& to paraphrase Bill Hicks, you don't like people who use drugs? Well then take all that music you love, and burn it. You may not believe you've ever met anyone who had increased quality of life because of drugs, but there's millions of people who would adamantly disagree with you, & laugh at your childish presumption as to knowing what makes them better, happier people. If you've honestly never met anyone made better (in anyway) by the use of any drugs (alcohol, caffeine, weed, prescribed antidepressants) then you must typing from Amish country.
As the sponsor of the bill to regulate cannabis, I want to say in no uncertain terms that these attacks on Rep. David Frockt are way off base. I know Rep. Frockt. He is a thoughtful legislator who resists rushing into decisions that could have unintended consequences. It took me many years before I finally took the step of proposing the regulation and taxation of cannabis. My experience as Chair of committees that oversee funding for health and human services finally convinced me that ending the prohibition of cannabis is the right choice for Washington.

I understand and respect Rep. Frockt's hesitancy to endorse a far-reaching proposal until he hears the debate unfold. Attacking a lawmaker for trying to keep an open mind while he learns more is NOT the way to win allies and secure victory.


Rep. Mary Lou Dickerson
@30: Representative Dickerson, we've been learning about cannabis prohibition for decades. How much more devastation does Rep. Frockt need to see? His comment, "full-scale legalization of marijuana is a huge step into uncharted territory," is false. That territory was charted for thousands of years before our miserable experiment with prohibition.
gotta disagree mary lou. the legislature is ALWAYS behind the populace on progressive issues. it is the people's responsibility to put pressure on their representatives to catch up. that's exactly what we are going here. we're letting frockt know that if he doesn't come around to the views of the people he represents, he can expect to be called out on it and directly challenged. that feels alot more like democracy than what goes on in most statehouses in this country.
actually, the more i think about it, shaming democratic lawmakers who refuse to make progress on this issue might be the single most effective thing that we can do to push this issue forward. us progressives need to take a page out of the far right playbook of the past 20 or so years. they demanded that their reps go farther & farther to the right & they did everything they could do to destroy them when they didn't. and over the course of the past 20 years, it's gotten them pretty much everything they ever wanted. in contrast, progressives have been voting for democrats, getting next to nothing for their efforts & then turning around & voting for the same democrats who just spent their last term ignoring them. it's time to not just call out but full on attack democrats who are not progressive.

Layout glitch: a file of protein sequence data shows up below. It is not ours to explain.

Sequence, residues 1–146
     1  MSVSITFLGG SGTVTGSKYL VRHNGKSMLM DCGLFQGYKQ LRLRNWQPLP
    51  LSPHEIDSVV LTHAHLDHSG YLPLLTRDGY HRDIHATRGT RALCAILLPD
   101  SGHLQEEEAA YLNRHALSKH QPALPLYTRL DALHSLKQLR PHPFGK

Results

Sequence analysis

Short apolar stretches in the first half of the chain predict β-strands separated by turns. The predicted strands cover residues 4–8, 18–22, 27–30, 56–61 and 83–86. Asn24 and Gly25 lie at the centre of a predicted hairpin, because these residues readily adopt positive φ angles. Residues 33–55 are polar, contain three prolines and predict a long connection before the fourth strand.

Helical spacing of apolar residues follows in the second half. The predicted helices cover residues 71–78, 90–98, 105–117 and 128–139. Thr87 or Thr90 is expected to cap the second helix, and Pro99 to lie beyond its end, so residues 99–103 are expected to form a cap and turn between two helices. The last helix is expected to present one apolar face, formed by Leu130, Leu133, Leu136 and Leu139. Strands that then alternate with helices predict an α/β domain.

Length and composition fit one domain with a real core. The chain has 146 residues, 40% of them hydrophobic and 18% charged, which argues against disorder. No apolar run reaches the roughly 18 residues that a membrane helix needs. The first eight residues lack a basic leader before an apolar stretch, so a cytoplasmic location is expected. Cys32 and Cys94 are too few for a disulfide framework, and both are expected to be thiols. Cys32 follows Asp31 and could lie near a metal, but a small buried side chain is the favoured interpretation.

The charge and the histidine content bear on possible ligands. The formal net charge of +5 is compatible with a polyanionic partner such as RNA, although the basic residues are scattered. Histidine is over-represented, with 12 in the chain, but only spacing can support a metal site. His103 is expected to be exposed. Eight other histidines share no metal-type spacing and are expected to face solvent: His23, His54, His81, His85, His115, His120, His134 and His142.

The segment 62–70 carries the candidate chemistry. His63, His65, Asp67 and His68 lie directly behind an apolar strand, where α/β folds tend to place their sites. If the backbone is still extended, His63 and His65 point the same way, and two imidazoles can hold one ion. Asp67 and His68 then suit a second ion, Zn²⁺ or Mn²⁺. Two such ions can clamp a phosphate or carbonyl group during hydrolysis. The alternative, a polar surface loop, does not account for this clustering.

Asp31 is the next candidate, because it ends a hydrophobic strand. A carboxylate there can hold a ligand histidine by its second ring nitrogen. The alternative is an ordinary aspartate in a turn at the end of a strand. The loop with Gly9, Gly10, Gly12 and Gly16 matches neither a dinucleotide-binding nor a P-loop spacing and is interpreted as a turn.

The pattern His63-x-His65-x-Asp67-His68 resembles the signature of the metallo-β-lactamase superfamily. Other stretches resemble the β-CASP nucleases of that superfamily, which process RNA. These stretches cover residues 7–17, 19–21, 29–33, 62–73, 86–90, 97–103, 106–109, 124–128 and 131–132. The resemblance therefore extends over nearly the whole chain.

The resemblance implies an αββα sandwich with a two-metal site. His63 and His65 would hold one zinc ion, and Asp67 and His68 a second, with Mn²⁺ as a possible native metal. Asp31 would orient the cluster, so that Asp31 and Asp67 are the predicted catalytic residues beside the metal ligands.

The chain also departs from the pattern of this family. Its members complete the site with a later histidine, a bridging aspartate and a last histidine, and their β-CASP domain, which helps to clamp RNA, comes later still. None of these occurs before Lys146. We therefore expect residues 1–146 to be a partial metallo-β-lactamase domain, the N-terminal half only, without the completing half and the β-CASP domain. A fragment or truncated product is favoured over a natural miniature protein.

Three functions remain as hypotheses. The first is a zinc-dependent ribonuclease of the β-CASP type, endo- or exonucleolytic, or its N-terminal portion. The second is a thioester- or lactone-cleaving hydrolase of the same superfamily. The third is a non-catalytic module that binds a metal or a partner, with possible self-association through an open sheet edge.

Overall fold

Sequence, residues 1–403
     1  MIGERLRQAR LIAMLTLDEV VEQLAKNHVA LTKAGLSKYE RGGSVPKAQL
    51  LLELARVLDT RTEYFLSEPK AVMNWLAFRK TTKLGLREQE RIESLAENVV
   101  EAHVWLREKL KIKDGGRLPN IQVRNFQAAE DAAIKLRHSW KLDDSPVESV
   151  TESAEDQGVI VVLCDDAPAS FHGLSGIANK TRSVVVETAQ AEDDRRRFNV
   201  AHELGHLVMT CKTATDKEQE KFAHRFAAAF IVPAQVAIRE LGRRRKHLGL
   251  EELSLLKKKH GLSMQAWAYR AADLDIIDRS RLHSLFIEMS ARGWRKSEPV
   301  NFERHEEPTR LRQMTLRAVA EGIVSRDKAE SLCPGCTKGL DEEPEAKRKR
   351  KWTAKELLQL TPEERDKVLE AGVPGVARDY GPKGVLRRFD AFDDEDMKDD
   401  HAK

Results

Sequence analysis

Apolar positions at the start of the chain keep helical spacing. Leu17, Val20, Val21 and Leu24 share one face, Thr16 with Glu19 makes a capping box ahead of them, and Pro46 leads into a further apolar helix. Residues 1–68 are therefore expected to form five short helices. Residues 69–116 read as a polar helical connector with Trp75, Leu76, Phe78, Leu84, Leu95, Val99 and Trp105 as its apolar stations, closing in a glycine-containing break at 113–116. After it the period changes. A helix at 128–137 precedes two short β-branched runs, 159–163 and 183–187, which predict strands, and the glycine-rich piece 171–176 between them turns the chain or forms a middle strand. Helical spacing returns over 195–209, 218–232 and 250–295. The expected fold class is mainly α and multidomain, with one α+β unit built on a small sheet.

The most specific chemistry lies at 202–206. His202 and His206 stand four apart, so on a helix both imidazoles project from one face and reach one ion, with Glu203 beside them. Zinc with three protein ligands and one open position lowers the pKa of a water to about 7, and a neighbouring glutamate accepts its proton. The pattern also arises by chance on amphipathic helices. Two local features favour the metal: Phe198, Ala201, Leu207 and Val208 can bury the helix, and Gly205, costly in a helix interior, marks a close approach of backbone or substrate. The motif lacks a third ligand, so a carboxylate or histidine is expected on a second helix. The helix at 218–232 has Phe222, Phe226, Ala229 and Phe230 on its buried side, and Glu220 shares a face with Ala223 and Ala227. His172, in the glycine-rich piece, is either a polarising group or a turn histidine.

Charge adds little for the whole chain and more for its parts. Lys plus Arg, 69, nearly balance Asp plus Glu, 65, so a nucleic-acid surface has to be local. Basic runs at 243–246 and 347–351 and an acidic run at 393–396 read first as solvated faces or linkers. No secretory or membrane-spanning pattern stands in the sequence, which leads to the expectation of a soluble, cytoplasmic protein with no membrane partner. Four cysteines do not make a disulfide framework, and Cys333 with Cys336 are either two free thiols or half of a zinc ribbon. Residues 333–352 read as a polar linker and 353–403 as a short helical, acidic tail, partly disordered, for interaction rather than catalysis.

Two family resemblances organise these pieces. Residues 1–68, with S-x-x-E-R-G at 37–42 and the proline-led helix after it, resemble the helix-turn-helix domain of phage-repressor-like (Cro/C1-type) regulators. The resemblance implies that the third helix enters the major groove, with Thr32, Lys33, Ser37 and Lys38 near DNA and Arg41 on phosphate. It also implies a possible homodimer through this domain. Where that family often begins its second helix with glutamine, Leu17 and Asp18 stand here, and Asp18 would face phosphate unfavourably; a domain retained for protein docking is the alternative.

@33 - I would contend that going back to something that was legal up until a few decades ago is going backwards and not necessarily making progress. I don't see how going backward is moving forward...

that's where we differ.
@28 Phil, you might see me at that. I guess if the information is available somewhere then maybe I could help gather it.

Marijuana was legal throughout U.S. history up through the 30s. It was a popular alternative to alcohol during alcohol prohibition. Now we have had marijuana prohibition for over 80 years and usage has gone up. It's a complete failure of a policy that was only ever enacted out of political interests and not for any genuine interest in public/civic health outside of the transference of the alcohol prohibitionists' zeal to marijuana. People act like legal marijuana is without precedent.

Next comes the old saw about marijuana having stronger THC blahblahblah, but shit...those people getting high in those old newsreels look just as high as anyone else I've seen get stoned before.

Sounds like Cab Calloway's describing a lot of people when they're stoned to me:


The strength is irrelevant. People had gotten high, legally, but it was Wall Street that fucked the country up by the time that marijuana was outlawed, but it wasn't marijuana that did it. People act like legalization this time around will be some kind of "experiment."
I completely agree, I don't think now is the time for any pot smoker in Washington State to have to pay taxes on their product! I refuse this idea from these crazy legislators that we should "pay our fair share", heck we grow everything ourselves, without any government regulation, why the heck are they trying to profit off it? It's my weed, and I'm not paying any taxes on it for as long as humanly possible. I don't think any government deserves the tax revenue I don't want to pay.